Is it worth switching from Windows Vista to Windows 7? Why?
Are there any benefits to switching and what is your input?
Vista has been a huge setback for Microsoft. Many businesses refused to upgrade and continued using XP because there were so many driver and application issues. At my company, some of us still use XP, while others are quite happy with Windows 7. I use Windows 7 at home and think it's great-- I've had no problems. I even solved a virus infection by rolling back my system two weeks-- something I had never prepared for but discovered the system was doing it all by it's lonesome. If you've got Vista and are experiencing problems-- even inconveniences, I'd recommend the upgrade.
I have a laptop with Vista on it and it is the worst OS ever. None of my games or programs that work well with Windows XP or Windows 7 will work with Vista.
So if given the opportunity, yes I would switch.
1) Vista is slow.
2) The restore function never works when you need it.
3) It interferes with your work constantly with daily and often hourly security updates or other updates and with pop ups that freeze whatever is running to ask if you authorized an action when you obviously have or even if it is an OS program function
4) Stops all progress when it gets bogged down with who-knows-what - basically you don't want to run more than one slightly complex program at a time
5) Changing settings is a laborious process in which it is sometimes very difficult to find the settings in the first place, then it reverts back to factory settings anyway!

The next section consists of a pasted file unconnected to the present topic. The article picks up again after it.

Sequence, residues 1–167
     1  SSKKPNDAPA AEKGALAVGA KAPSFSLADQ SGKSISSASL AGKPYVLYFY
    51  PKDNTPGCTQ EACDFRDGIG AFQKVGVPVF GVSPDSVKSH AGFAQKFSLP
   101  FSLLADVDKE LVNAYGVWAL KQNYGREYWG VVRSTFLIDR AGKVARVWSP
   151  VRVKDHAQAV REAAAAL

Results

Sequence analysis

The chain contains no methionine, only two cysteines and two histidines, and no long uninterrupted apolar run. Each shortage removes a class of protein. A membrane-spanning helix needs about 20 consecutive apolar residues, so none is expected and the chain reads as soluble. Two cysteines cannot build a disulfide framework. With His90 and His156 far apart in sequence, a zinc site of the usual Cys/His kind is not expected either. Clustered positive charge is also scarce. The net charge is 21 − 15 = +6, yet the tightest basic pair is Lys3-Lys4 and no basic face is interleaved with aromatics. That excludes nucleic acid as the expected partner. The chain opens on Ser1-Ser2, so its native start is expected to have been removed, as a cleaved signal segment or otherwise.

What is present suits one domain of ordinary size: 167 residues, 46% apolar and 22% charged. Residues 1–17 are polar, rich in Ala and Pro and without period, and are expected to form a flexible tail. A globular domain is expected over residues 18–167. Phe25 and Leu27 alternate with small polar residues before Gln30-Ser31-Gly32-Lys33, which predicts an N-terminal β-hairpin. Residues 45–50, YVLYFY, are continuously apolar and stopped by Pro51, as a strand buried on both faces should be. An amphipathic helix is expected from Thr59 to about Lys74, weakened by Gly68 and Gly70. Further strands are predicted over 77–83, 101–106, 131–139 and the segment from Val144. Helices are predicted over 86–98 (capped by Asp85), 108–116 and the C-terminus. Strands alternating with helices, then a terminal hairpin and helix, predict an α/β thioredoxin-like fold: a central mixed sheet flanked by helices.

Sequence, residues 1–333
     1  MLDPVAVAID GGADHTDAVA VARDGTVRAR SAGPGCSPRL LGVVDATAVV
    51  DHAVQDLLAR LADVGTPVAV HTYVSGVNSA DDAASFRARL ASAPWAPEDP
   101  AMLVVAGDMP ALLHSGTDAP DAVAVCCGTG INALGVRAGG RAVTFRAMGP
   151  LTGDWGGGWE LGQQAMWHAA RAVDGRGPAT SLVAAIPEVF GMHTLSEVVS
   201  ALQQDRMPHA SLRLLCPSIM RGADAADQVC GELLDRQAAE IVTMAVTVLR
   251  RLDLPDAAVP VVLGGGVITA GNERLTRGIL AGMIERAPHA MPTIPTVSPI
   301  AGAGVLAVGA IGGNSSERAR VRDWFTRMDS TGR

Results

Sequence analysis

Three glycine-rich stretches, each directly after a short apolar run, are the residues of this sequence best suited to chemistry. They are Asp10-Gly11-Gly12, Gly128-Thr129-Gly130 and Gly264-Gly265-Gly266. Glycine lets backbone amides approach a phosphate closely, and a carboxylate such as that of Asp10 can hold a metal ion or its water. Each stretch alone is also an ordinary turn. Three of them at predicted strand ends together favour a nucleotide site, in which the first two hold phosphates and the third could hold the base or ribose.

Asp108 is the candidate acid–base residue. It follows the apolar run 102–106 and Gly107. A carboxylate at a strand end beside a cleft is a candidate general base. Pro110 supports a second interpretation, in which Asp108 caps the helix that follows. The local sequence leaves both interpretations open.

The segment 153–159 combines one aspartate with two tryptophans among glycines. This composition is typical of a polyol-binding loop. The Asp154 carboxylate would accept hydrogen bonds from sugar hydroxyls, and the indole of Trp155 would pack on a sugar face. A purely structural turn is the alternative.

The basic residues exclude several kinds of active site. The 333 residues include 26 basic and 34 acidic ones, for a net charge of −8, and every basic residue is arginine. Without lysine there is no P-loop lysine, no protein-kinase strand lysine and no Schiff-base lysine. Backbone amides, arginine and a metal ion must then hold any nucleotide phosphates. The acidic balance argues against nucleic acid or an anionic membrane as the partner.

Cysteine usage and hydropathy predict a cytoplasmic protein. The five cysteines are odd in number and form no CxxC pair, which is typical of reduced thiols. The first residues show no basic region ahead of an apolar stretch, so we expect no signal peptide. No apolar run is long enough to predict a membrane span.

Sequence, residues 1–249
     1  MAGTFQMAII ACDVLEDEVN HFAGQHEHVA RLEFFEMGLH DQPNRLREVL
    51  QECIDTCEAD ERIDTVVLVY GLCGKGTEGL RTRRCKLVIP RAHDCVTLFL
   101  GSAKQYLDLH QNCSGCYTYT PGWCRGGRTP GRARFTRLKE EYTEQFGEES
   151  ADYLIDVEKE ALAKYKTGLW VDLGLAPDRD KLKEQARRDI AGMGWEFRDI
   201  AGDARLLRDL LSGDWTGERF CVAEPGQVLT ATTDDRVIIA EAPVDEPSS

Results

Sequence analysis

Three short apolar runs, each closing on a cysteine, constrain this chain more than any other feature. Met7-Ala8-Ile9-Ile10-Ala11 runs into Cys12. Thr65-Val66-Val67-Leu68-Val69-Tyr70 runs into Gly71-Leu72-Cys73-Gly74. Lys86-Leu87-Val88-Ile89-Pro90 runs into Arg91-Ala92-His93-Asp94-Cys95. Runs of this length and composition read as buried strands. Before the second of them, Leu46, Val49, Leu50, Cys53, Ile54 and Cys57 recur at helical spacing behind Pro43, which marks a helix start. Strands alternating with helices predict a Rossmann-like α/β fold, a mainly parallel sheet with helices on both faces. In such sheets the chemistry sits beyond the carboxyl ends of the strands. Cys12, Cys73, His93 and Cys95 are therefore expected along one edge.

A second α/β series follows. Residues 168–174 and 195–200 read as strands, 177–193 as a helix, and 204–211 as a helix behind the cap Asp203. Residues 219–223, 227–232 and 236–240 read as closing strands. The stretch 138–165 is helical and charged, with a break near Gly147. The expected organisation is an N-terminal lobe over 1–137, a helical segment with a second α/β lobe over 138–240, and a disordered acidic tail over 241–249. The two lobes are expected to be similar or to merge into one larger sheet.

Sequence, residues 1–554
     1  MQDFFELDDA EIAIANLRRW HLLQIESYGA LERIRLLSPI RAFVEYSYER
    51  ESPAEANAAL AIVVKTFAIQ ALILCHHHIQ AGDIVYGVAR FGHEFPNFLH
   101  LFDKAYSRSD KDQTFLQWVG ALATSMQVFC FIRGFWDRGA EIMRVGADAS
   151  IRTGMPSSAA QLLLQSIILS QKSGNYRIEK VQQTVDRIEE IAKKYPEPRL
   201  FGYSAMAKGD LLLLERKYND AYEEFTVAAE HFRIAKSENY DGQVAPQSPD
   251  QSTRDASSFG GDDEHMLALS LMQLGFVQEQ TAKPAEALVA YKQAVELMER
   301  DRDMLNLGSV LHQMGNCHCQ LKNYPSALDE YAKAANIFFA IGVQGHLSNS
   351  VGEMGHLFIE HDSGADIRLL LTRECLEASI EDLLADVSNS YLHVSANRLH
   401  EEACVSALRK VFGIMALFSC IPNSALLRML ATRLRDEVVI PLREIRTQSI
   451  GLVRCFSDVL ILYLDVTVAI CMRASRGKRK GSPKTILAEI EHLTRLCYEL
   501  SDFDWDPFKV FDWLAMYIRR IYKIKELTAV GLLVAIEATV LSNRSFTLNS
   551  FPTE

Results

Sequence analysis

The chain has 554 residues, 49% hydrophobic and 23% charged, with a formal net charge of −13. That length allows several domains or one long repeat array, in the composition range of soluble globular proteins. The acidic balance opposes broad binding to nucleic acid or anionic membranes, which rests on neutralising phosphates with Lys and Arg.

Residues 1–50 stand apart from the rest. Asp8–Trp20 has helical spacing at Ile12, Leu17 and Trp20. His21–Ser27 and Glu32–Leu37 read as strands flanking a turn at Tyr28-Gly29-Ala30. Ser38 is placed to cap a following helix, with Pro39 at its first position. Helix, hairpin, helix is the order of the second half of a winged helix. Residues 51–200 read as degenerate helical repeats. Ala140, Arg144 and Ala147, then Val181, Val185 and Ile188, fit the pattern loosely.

6) Media functions like the Windows Media Player or the Windows picture viewer never work right.
Windows 7, on the other hand, is the opposite.
1) Extremely fast
2) Easy to-get-used-to new interface
3) Looks great (aero styling actually works)
4) Restore works just like it should, always works and the need to use it doesn't come along very often either
5) Security issues or anything regarding maintenance is handled intelligently and only asks for your attention when your input is actually required
6) Buttons for things you need to get to quickly like updates, sound, usb plug ins and network settings are easy to find and quick to get to
What I don't like about 7 is that you can't change the way things behave as easily, such as going to the start button to bring up the menu - it stays in the pop-up box and doesn't expand like XP and you can even make Vista do. The options on the bottom bar are not as manageable and it merges an icon designed to open a program with the open window tab when the program is already running - this can be confusing until you learn to right click to open a separate instance of the same program and it's harder to get to the control panel (another right-click feature). Windows Media Player is still glitchy.
But overall, I am very satisfied with Windows 7 and feel a heck of a lot more secure too.
Hi J.S. Matthew,
My laptop had to be upgraded to Windows 7 a couple months ago because the operating system became corrupted. I needed mine fixed quickly, so I took it to a tech center at Staples. I was told that Windows Vista which is no longer supported by Microsoft, and it is an unstable operating system, so the best alternative is upgrading.
I would definitely recommend upgrading just for the reason that Windows Vista is unstable.
Hope that helps.
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